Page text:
Teenagers charged over Twitter hack that targeted celebrities, politicians and moguls
A teenager from Florida has been identified as the mastermind behind a Twitter hack earlier this month which targeted the accounts of politicians, celebrities and businesspeople.
The 17-year-old was arrested in Tampa on Friday, and he faces 30 felony charges, according to prosecutors, who said he would be charged as an adult.
A 19-year-old from Bognor Regis in the UK, Mason Sheppard, and Nima Fazeli, 22, from Orlando, were both charged separately, accused of benefiting from the hack.
On July 15 tweets were sent out from the accounts of Barack Obama, Joe Biden, Mike Bloomberg, Jeff Bezos, Bill Gates and Elon Musk, while the accounts of some celebrities were also compromised.
The tweets offered to send $2,000 for every $1,000 sent to an anonymous Bitcoin address, resulting in people around the world being scammed out of more than $100,000 in Bitcoin.
Court papers in the California cases say Fazeli and Sheppard brokered the sale of Twitter accounts stolen by a hacker who identified himself as “Kirk” and said he could “reset, swap and control any Twitter account at will” in exchange for cybercurrency payments, claiming to be a Twitter employee.
The documents do not specify Kirk's real identity but say he is a teen being prosecuted in the Tampa area.
Twitter has said the hacker gained access to a company dashboard that manages accounts by using social engineering and spear-phishing smartphones to obtain credentials from “a small number” of Twitter employees "to gain access to our internal systems.” Spear-phishing uses email or other messaging to deceive people into sharing access credentials.
“There is a false belief within the criminal hacker community that attacks like the Twitter hack can be perpetrated anonymously and without consequence,” US Attorney David L Anderson for the Northern District of California said in a news release.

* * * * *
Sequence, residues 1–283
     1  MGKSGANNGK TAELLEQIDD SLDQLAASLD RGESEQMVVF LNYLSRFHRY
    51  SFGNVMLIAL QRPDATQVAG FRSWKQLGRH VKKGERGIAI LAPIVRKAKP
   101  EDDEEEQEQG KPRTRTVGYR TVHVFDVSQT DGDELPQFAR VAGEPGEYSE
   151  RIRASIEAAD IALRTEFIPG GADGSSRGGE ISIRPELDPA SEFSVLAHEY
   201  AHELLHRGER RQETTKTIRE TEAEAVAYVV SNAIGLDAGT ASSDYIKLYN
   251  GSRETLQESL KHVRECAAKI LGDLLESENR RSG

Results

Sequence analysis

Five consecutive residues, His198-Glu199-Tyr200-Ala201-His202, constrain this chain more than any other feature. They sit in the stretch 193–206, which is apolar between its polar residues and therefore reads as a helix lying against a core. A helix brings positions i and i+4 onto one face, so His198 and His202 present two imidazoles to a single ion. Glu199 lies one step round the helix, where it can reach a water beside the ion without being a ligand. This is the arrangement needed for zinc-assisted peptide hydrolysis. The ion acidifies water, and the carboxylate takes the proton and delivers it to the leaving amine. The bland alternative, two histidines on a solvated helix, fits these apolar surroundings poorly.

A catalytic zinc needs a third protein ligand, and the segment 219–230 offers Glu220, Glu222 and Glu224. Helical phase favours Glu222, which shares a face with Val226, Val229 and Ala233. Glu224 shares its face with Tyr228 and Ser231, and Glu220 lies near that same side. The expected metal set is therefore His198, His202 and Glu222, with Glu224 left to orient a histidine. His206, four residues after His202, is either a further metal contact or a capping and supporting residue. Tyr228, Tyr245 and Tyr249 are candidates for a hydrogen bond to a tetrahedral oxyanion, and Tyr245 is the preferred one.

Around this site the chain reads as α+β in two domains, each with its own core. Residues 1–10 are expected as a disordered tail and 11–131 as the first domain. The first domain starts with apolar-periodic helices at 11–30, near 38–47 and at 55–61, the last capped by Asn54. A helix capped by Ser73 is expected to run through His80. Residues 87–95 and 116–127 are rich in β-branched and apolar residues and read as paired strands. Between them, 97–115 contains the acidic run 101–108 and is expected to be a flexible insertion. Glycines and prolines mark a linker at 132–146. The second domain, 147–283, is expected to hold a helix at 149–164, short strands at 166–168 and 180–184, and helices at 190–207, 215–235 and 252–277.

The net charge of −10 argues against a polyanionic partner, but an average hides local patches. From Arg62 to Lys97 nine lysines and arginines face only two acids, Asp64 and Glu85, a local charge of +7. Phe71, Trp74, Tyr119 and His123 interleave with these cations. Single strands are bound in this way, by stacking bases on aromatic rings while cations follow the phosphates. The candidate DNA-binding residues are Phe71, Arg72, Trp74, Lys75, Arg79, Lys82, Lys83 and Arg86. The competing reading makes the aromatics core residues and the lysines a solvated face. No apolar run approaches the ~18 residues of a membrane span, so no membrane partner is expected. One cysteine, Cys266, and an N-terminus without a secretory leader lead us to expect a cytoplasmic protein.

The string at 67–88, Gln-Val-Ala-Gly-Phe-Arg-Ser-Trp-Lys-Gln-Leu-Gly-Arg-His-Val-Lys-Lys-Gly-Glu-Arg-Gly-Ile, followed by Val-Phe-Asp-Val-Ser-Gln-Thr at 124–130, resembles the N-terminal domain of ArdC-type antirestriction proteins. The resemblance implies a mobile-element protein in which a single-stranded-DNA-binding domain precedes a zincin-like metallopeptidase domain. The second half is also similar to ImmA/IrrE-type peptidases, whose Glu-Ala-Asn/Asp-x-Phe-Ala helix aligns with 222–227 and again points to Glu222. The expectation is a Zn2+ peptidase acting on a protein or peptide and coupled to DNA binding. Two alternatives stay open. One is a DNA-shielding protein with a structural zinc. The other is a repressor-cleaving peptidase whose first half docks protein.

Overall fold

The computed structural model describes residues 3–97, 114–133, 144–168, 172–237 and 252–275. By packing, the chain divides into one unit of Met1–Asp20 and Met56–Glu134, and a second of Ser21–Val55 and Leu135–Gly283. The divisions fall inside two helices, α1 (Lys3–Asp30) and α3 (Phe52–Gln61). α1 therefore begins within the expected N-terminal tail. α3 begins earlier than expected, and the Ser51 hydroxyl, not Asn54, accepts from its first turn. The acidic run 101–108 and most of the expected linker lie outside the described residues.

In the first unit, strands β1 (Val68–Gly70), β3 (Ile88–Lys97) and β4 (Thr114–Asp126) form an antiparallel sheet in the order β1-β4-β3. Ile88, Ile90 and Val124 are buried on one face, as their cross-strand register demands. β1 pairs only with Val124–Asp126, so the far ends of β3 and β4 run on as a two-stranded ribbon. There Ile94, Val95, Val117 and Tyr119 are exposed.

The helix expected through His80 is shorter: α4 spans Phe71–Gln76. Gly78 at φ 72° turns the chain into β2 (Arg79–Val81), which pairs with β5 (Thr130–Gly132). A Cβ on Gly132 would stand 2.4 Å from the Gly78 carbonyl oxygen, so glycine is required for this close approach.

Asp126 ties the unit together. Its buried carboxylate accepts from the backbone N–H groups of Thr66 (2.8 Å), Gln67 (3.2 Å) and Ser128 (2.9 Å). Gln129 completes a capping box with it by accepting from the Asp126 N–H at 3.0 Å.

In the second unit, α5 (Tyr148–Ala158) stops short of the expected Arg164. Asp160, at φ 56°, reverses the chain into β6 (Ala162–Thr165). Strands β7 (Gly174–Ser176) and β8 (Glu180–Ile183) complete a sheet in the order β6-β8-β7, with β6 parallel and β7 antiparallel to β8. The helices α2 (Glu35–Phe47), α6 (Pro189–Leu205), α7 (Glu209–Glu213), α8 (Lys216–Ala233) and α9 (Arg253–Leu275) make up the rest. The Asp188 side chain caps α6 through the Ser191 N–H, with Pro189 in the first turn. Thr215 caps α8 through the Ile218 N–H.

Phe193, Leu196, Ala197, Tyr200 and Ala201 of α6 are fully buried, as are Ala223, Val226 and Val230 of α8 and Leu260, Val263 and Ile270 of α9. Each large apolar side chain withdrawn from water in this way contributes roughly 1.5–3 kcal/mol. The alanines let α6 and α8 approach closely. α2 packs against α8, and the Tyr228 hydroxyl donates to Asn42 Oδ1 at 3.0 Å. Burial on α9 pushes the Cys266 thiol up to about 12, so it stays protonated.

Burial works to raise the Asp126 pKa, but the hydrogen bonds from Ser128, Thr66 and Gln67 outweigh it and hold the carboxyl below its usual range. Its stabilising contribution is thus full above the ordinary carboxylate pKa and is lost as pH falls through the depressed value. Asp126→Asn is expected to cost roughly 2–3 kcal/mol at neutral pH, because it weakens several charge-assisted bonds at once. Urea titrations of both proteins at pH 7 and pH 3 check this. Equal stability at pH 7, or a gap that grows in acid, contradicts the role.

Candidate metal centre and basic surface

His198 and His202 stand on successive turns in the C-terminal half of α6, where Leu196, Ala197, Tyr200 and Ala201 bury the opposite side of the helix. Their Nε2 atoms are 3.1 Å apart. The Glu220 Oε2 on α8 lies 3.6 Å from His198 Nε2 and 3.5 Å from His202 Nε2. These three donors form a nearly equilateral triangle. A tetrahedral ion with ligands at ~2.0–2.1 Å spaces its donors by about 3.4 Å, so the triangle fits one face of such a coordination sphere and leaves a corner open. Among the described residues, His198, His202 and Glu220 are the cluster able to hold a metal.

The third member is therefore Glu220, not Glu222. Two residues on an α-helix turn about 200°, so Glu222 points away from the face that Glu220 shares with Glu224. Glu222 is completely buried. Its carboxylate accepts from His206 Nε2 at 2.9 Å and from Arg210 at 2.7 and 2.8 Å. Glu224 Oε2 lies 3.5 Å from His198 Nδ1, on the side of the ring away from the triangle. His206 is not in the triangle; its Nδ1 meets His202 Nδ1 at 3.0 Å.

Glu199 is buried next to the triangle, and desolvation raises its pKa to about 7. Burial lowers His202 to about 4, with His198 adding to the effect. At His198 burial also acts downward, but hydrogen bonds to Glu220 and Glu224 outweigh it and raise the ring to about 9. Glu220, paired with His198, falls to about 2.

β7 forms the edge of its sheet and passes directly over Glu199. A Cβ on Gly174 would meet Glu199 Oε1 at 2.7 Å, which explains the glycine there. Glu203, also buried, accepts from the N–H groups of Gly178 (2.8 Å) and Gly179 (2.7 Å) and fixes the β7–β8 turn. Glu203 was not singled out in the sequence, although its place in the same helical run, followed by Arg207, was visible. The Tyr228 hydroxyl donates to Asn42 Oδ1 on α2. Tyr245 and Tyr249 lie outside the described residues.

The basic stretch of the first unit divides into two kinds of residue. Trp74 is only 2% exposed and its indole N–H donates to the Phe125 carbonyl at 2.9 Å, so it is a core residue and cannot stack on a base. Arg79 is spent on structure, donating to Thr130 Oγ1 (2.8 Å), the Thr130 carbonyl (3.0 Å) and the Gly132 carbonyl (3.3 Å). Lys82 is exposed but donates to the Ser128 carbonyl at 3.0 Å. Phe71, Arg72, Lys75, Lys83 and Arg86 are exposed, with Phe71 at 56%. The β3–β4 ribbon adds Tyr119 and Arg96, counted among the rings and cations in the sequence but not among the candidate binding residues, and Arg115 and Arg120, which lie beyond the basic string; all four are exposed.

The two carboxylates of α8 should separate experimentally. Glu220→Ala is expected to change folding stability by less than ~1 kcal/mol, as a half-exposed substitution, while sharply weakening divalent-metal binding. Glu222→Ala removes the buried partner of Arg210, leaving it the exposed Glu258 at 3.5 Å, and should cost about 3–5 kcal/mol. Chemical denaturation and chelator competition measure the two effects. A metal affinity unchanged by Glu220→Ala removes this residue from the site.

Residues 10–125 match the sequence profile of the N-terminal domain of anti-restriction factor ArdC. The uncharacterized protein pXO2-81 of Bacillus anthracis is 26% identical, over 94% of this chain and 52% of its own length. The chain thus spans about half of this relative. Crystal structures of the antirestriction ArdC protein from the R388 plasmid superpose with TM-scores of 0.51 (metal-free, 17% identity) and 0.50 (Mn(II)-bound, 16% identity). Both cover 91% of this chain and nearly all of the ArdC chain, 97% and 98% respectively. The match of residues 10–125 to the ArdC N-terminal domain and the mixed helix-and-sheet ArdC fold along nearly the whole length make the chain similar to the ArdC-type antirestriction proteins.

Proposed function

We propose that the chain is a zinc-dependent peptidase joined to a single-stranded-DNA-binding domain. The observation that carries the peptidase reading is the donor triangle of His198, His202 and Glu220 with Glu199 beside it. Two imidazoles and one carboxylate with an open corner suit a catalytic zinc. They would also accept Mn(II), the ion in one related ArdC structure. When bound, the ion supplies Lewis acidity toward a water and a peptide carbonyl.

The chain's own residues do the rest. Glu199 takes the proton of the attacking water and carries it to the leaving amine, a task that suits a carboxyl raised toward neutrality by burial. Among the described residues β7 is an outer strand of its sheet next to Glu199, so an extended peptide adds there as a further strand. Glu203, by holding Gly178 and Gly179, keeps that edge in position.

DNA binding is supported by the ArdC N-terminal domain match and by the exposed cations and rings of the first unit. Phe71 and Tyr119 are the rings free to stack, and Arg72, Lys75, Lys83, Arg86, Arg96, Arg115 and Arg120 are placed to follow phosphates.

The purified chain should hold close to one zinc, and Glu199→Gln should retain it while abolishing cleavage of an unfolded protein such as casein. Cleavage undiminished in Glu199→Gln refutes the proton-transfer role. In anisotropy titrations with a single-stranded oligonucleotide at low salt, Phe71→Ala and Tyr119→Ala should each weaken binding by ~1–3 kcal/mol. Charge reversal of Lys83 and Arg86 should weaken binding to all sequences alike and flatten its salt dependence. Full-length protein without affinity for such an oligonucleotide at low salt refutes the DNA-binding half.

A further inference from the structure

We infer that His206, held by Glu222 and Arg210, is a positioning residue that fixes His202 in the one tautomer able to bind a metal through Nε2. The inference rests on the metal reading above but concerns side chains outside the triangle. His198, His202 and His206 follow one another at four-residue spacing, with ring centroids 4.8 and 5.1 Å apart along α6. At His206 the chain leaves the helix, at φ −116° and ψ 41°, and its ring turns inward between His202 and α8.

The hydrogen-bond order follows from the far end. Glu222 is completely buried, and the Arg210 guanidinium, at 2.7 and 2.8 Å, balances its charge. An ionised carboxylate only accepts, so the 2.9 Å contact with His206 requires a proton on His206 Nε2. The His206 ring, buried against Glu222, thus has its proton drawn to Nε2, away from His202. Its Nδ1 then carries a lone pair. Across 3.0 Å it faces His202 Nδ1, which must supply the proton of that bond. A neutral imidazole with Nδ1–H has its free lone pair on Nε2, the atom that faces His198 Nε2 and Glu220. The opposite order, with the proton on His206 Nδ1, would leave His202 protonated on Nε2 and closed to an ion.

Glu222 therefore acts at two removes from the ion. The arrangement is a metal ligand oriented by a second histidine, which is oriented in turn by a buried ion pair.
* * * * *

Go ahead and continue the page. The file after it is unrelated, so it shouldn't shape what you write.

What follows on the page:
The evidence suggests, however, that those responsible did a poor job indeed of covering their tracks. The court documents show how federal agents tracked down the hackers through Bitcoin transactions and by obtaining records of their online chats.
Security experts were not surprised that the alleged mastermind is a 17-year-old, given the relatively amateurish nature of both the operation and how participants discussed it with New York Times reporters afterward.
“This is a great case study showing how technology democratises the ability to commit serious criminal acts,” said Jake Williams, founder of the cybersecurity firm Rendition Infosec. “There wasn’t a ton of development that went into this attack.”
Williams said the hackers were “extremely sloppy” in how they moved the Bitcoin around. It did not appear they used any services that make cryptocurrency difficult to trace by “tumbling” transactions of multiple users, a technique akin to money laundering, he said.
The hack targeted 130 accounts with tweets being sent from 45 accounts, obtained access to the direct message inboxes of 36, and downloaded Twitter data from seven. Dutch far-right politician Geert Wilders has said his inbox was among those accessed.